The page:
The evidence I present is at variance with other explanations of late-nineteenth-century foreign policy adjustment. I found that politicians or qprinciples, q followed an imperial program developed by subordinate state actors. American Political Development (APD) scholarship suggests possibilities for such an outcome. One explanation is Daniel Carpenter's theory of bureaucratic capacity which notes how late-nineteenth-century state actors were able to advance new domestic proposals once they had demonstrated the value of their programs to the public. I apply Carpenter's theory to American strategic adjustment. My findings indicate that state actors established autonomy, capacity, and altered the direction of U.S. foreign policy without demonstrating the value of their program. Strategic adjustment was possible, I argue, because state actors functioned as an epistemic community that achieved political support by monopolizing specialty knowledge during a period of technological uncertainty.Historical objectivity became the new term upon which reform essays were to be judged. For example, the topic of the 1882 essay, aOur Merchant Marine: The Causes of Its Decline and the Means to be Taken for Its Revivala ... Character of People; and (VI) Character of Government.357 For the first time, a systematic, historical argument assessing the requirements for naval greatness was fully developed.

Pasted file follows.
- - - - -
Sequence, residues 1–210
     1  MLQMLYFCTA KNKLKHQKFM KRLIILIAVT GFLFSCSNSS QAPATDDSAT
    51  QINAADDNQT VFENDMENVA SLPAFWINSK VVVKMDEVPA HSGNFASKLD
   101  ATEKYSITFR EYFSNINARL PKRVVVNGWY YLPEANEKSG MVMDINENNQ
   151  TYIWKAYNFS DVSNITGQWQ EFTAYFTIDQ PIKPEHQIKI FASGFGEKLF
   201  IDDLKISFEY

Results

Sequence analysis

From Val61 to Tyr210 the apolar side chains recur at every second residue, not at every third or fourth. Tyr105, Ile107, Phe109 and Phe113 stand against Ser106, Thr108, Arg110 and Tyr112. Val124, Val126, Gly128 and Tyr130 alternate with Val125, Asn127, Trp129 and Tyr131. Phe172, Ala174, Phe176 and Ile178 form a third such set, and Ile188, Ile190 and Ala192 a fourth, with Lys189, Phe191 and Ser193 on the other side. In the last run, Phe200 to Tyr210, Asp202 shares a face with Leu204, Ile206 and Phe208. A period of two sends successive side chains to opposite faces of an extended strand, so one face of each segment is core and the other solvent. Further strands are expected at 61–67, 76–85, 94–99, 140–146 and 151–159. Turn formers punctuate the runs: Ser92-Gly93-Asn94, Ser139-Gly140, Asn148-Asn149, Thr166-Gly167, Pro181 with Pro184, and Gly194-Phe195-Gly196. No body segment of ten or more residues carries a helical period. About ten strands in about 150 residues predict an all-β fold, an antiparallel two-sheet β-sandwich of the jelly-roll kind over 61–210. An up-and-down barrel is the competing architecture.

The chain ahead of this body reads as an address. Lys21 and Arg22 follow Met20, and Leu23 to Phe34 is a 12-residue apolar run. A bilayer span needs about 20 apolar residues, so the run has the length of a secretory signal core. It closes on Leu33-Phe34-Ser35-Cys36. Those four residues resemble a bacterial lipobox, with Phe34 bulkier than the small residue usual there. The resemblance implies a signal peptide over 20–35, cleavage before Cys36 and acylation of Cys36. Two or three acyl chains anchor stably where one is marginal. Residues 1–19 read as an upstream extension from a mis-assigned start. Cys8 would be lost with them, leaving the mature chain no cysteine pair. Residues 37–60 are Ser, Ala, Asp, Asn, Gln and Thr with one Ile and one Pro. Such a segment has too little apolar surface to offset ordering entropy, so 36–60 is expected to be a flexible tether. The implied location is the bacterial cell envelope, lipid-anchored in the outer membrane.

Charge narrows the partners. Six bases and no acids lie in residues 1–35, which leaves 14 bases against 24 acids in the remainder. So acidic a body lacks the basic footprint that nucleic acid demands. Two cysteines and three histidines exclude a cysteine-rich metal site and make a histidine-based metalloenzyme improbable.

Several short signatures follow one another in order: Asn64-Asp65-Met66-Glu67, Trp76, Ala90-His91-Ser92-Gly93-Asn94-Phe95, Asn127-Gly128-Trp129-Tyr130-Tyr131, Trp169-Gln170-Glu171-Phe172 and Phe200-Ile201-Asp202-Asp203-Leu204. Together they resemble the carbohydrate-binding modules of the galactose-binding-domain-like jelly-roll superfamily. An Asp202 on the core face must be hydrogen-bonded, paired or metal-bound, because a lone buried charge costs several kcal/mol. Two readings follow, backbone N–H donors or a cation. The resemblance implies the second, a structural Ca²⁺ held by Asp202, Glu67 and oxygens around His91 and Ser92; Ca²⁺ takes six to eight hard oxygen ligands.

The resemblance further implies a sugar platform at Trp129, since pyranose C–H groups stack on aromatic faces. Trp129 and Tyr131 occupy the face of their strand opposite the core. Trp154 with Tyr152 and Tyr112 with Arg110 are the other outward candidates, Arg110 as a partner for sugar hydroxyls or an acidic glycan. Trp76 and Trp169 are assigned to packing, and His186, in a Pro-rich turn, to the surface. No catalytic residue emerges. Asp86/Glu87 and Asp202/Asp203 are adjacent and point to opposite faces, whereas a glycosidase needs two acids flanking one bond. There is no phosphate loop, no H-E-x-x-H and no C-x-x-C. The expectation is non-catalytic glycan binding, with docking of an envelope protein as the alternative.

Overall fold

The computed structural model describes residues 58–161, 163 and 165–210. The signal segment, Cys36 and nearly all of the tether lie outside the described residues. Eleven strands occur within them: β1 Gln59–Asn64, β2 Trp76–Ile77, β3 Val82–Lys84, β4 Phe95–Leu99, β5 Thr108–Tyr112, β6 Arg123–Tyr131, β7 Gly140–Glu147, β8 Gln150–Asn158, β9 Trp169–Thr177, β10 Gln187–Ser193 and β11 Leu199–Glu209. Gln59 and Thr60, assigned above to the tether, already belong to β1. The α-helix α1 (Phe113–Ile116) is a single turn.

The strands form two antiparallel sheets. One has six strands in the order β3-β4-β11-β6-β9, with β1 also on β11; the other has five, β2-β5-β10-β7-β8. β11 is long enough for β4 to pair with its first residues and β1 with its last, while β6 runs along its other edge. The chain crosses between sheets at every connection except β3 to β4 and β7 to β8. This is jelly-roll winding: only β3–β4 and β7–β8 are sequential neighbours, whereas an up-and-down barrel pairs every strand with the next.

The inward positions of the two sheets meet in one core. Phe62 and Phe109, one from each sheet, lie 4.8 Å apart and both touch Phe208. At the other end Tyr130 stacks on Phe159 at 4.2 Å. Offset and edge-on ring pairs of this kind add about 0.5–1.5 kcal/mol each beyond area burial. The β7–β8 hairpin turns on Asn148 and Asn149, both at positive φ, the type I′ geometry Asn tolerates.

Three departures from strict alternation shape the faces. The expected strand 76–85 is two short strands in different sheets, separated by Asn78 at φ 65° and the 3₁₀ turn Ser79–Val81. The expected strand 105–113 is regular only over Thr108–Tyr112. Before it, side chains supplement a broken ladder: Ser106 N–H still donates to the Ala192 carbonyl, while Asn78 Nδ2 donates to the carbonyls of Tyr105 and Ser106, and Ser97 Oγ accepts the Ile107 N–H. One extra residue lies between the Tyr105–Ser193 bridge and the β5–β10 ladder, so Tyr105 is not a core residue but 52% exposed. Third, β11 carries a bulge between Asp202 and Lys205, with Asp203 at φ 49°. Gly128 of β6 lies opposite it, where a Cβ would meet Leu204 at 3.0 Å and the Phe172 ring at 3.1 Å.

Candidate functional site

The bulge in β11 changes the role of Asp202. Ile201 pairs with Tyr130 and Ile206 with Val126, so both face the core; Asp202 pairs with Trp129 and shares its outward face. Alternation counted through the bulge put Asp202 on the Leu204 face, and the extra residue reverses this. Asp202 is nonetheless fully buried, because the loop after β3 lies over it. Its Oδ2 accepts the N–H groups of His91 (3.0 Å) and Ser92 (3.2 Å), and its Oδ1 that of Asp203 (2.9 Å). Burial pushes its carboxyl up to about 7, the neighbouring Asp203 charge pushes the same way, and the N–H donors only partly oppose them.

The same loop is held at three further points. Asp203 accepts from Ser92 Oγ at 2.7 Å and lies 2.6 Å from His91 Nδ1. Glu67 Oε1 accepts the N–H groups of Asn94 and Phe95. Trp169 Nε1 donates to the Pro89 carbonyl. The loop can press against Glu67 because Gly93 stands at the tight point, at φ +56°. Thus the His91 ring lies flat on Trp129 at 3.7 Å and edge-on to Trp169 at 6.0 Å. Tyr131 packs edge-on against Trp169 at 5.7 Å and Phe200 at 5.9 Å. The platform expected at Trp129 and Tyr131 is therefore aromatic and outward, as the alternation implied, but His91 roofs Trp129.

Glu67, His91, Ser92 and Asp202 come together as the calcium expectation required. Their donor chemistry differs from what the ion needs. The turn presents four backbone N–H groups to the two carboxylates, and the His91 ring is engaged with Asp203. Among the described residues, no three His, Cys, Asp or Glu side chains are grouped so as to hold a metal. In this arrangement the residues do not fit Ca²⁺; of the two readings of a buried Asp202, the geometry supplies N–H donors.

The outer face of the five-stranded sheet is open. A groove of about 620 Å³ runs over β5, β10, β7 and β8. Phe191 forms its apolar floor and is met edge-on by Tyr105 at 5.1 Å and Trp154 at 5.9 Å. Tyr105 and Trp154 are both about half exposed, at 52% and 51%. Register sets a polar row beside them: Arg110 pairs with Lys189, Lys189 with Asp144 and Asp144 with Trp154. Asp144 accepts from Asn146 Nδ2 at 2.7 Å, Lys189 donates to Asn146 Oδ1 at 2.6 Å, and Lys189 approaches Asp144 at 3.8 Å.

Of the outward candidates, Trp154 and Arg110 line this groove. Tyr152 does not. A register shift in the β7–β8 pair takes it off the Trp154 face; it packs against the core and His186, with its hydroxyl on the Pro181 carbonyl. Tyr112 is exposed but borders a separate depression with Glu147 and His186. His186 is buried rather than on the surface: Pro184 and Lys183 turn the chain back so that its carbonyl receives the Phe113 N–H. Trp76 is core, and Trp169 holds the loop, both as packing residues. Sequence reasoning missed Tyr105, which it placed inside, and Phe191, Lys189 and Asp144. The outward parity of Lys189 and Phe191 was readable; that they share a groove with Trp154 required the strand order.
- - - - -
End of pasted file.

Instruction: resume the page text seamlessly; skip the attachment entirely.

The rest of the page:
|Title||:||The Epistemic Origins of American Empire|
|Author||:||Douglas Mark Haugen|
|Publisher||:||ProQuest - 2007|